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Sangwoo Kim, of Korea, and Eve Nummela, of Finland, are spending their school year at St. Joseph-Ogden High School.
Kim is living with the Derenne family while Nummela is living with the Calvos in St. Joseph.
Kim and Nummela are in St. Joseph because of Ayusa, a non-profit cultural exchange organization and study abroad organization for high school students.
Kim said his mother supported the idea of him traveling abroad and he wanted to travel and meet new people.
Nummela said she wanted to learn about a new culture.
Ayusa was a way for them to do that.
Before school started in August, Kim and Nummela traveled to St. Joseph after spending some brief time at a camp in California to learn more about the culture in the United States.
Kim actually missed his connection flight to Champaign.
Mary Derenne said she was at Willard Airport when her phone rang and Kim told her he had missed his flight.
After some phone calls to the airline and Kim, they found a solution.
Kim arrived in Champaign, by bus, at 1:18 in the morning.
"I was very scared but after I talked to Mary, it was better," Kim said.
Nummela's travel was easier. She didn't miss her flight, but she wasn't any less nervous than Kim.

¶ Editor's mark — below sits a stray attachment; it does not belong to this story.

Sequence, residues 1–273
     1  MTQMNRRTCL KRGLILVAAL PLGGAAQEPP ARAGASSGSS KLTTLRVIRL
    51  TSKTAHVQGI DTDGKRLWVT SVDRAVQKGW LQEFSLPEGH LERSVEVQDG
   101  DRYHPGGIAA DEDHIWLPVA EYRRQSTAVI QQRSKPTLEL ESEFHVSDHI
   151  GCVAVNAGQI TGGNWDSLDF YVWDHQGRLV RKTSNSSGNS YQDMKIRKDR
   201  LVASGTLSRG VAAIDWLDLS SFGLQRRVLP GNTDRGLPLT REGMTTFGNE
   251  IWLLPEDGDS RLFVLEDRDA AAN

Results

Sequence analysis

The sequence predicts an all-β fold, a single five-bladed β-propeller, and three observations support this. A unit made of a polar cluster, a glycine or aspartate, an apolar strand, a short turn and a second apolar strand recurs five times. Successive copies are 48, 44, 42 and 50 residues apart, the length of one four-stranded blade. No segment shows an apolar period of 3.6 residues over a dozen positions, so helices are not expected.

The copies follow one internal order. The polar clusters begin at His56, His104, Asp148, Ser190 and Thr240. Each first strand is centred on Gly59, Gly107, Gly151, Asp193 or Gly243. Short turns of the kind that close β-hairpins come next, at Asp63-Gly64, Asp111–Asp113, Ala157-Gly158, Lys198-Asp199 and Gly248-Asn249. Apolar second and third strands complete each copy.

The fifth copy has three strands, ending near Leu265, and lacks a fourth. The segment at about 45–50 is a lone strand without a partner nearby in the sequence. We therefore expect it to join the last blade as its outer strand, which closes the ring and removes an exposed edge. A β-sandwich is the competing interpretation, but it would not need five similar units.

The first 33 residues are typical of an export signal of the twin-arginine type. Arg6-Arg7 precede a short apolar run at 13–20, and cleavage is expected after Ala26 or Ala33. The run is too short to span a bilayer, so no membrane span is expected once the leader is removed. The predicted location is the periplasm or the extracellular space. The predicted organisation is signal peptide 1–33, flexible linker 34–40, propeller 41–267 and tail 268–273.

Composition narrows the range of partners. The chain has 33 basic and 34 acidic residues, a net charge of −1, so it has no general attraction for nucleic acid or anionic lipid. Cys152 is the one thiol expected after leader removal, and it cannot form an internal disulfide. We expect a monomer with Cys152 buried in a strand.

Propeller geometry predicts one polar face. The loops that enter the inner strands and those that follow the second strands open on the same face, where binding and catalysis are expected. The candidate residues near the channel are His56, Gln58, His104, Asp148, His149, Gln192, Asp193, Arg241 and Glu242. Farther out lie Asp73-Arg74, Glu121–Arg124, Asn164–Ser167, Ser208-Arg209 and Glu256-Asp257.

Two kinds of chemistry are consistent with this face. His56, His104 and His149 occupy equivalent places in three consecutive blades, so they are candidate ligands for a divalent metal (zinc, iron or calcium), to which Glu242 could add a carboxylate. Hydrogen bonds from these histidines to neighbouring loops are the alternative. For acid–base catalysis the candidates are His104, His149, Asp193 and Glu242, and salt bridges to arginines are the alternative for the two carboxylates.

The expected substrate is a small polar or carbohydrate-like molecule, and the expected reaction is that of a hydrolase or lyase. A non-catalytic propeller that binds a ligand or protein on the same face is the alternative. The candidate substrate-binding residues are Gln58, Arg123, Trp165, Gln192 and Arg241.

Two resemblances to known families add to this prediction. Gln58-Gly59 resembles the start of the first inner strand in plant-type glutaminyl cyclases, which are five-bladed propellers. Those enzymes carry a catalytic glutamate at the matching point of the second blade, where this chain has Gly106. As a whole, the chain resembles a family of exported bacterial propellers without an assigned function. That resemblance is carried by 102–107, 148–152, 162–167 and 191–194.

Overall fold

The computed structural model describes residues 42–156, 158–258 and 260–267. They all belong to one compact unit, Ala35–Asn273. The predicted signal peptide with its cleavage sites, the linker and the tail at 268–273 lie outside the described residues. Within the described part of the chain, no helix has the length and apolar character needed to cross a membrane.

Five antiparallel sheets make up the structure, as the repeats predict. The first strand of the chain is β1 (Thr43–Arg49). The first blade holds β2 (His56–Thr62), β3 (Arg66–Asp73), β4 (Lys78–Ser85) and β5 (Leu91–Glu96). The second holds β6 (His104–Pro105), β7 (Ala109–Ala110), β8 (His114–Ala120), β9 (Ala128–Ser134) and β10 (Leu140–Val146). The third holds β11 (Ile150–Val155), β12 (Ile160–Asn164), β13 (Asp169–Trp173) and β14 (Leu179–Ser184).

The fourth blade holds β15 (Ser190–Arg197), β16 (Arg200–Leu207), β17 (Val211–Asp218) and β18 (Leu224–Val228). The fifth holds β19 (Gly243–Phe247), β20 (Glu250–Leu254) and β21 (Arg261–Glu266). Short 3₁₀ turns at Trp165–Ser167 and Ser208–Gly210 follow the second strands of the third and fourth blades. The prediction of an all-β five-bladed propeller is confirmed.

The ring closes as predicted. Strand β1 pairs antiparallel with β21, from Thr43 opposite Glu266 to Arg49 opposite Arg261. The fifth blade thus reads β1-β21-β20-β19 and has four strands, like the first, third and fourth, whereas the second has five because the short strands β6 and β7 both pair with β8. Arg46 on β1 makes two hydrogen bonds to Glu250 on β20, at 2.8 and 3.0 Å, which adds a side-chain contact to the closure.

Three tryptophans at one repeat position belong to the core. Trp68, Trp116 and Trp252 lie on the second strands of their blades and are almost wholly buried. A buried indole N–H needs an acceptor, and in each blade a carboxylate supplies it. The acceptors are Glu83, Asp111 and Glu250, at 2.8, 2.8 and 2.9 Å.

"It's hard to leave your friends and family behind," she said. "But I was excited for the experience and what was ahead of me."
Differences at school
Kim's schooling at SJO is very different from his school in Korea.
For one thing, there is less of it.
"After school in Korea we go to another school," he said.
Kim, a sophomore, attends school from 6 a.m. to 4 p.m. and then attends a college preparatory class from 5 p.m. to 10 p.m.
This leaves him little time for extracurricular activities in Korea.
"He couldn't believe school was done at 3 p.m.," Derenne said.
While Kim said the homework is challenging at SJO, especially his U.S. history classes, he does like having free time.
This fall he used his free time to participate in athletics, specifically the SJO soccer team.
"Our team was very good," he said.
Derenne said Kim was excited to participate on the team because in Korea you have to be "really good" to be on a team, while in the U.S. anyone who wants to participate can.
"The team was always willing to help him out," she said. "The friendship was good."
Nummela's school day in Finland also started around 8 a.m. Depending on the day, she was done with school by 2 p.m. or 4 p.m.
The main difference is that in Finland, teachers do not give quizzes throughout the course. There is just one test at the end of class.
Classes also last seven weeks and students have a different schedule every day.
While at SJO Nummela has taken part in the SJO fall drama production.
"Everyone has been so friendly," she said.
Differences at home
Kim and Nummela both say they love "everything" about America.
In Korea, Kim lives in a large city in a high rise apartment.
Nummela lives in a town much like St. Joseph.